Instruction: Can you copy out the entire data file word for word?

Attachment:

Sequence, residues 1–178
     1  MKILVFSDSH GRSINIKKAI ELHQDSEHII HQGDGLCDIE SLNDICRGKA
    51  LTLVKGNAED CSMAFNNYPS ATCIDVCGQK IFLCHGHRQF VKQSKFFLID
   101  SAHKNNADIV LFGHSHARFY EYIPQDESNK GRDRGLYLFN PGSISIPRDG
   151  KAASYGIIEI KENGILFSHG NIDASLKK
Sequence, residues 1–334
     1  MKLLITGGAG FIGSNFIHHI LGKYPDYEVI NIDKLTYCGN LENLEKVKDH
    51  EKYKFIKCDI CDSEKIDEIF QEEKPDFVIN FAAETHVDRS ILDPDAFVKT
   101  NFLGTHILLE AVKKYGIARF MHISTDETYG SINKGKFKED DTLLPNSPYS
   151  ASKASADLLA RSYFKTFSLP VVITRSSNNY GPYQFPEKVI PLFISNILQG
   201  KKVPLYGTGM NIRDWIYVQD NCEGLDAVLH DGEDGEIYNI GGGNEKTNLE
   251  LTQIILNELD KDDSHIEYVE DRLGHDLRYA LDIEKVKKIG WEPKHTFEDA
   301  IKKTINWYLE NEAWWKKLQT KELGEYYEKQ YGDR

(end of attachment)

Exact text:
Sequence, residues 1–178
     1  MKILVFSDSH GRSINIKKAI ELHQDSEHII HQGDGLCDIE SLNDICRGKA
    51  LTLVKGNAED CSMAFNNYPS ATCIDVCGQK IFLCHGHRQF VKQSKFFLID
   101  SAHKNNADIV LFGHSHARFY EYIPQDESNK GRDRGLYLFN PGSISIPRDG
   151  KAASYGIIEI KENGILFSHG NIDASLKK
Sequence, residues 1–334
     1  MKLLITGGAG FIGSNFIHHI LGKYPDYEVI NIDKLTYCGN LENLEKVKDH
    51  EKYKFIKCDI CDSEKIDEIF QEEKPDFVIN FAAETHVDRS ILDPDAFVKT
   101  NFLGTHILLE AVKKYGIARF MHISTDETYG SINKGKFKED DTLLPNSPYS
   151  ASKASADLLA RSYFKTFSLP VVITRSSNNY GPYQFPEKVI PLFISNILQG
   201  KKVPLYGTGM NIRDWIYVQD NCEGLDAVLH DGEDGEIYNI GGGNEKTNLE
   251  LTQIILNELD KDDSHIEYVE DRLGHDLRYA LDIEKVKKIG WEPKHTFEDA
   301  IKKTINWYLE NEAWWKKLQT KELGEYYEKQ YGDR